Coastal Bluff Erosion:
The $Million Solution vs the $Thousands Solution !!!
I went back to my old hometown last week to attend my Granddaughters 8th grade graduation and my Grandsons graduation to middle school. I also went surfing and checked out Coastal Bluff Erosion.
I always go to Pleasure Point because this was where I grew up – hanging at the beach and surfing at the Hook, . Also, this was my 60th birthday and I needed to get out and surf – just to prove ……
Back to cliff erosion! A couple of years ago my brother asked me to try to stabilize his cliff near Pleasure Point on Opal Cliffs Drive. You may remember that we (myself and Profile Products) did a webinar last year with Civil Engineering News. I think the webinar is still up and archived on the CE News website.
My brothers coastal bluff problem was a timely and perfect opportunity to introduce the Green Armor System. We had stabilized the lower portion of the cliff from wave erosion years ago, so the “biggie” was the rain-splash erosion on the steep, very-difficult to vegetate upper marine terrace deposits. My brother’s property also has some subsurface erosion problems – I have corrected all the drainage from gutters, downspouts, patio etc. – no this drainage likely originates miles away and flows along old sedimentary strata referred to as “facies”. The really well-anchored Enka Mat was permeable yet strong and could be counted on to resist the “sapping” forces and the of course, the raindrop impact.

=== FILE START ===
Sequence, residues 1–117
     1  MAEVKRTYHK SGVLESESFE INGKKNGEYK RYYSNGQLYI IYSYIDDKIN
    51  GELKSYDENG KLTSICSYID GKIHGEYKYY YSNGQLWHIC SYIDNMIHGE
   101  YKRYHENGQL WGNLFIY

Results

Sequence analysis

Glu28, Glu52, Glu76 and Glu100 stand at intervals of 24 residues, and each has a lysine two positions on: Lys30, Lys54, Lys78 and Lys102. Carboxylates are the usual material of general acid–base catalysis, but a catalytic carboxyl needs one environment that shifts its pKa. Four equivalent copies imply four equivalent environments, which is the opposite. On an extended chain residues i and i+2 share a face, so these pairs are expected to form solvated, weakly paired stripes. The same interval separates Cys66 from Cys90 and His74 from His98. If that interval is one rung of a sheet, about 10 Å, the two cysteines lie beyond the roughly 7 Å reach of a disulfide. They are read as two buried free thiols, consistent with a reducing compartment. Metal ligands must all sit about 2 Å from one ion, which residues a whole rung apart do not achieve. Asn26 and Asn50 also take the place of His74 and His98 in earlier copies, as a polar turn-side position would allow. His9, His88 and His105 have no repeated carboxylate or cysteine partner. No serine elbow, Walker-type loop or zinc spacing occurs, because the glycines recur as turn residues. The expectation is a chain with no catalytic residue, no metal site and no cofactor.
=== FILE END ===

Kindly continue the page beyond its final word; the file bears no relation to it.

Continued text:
So, the common problems associated with coastal bluff erosion in this area is erosion of the underlying Purisima Sandstone by wave erosion, then mass wasting and raindrop erosion of the near vertical upper marine terrace(s) with the common subsurface and localized soil piping.
“Coastal Retreat” has been documented at 0.8 ft per year over the last one hundred years or so. (Gary Griggs and others). This rate was of course localized in certain areas but I remember huge sections of coastal road that have disappeared since I was a young surfer hanging out on the cliffs, watching the waves.
In fact, East Cliff Drive, near Jack Oneil’s house, is currently being stabilized by a multi $$ million $$ dollar project involving drilled and grouted slope nails and gunite.
Check out the photos below and then compare with our Opal Cliffs Drive technique using green armor.
We did the Green Armor job two winters ago – January 2009. It has been through two very rainy winters, in fact the cliff received over 6 inches of rain on the week following construction. The Enka Mat and Flexterra are still protecting the cliff face. I put down mycorrhizae and slow release fertilizer with the “native” seed mix. I just wish I had done a more thorough soil test because the grasses are slow establishing and I don’t know if pH or salts are the cause. The current photos show the mediocre veg response but also look at the “horsetails” (Equisetum – scouring rush), an invasive that grows near water, at springs and at shores edge! You cant see in photos but we also planted a dozen willow stakes and over half are growing pretty well!
While the East Cliff Drive Stabilization project is really geotechnically appropriate and final concrete slopes have been textured, colored, and sculpted, I can’t help but think of a lower technology and more cost-effective alternative utilizing the soil nail launcher and the Green Armor System. Just a thought!! My brothers house has been foreclosed upon so this may be the last monitoring report from Opal Cliffs.
Oh, and here’s some pics of me ‘not being sixty years old’! 🙂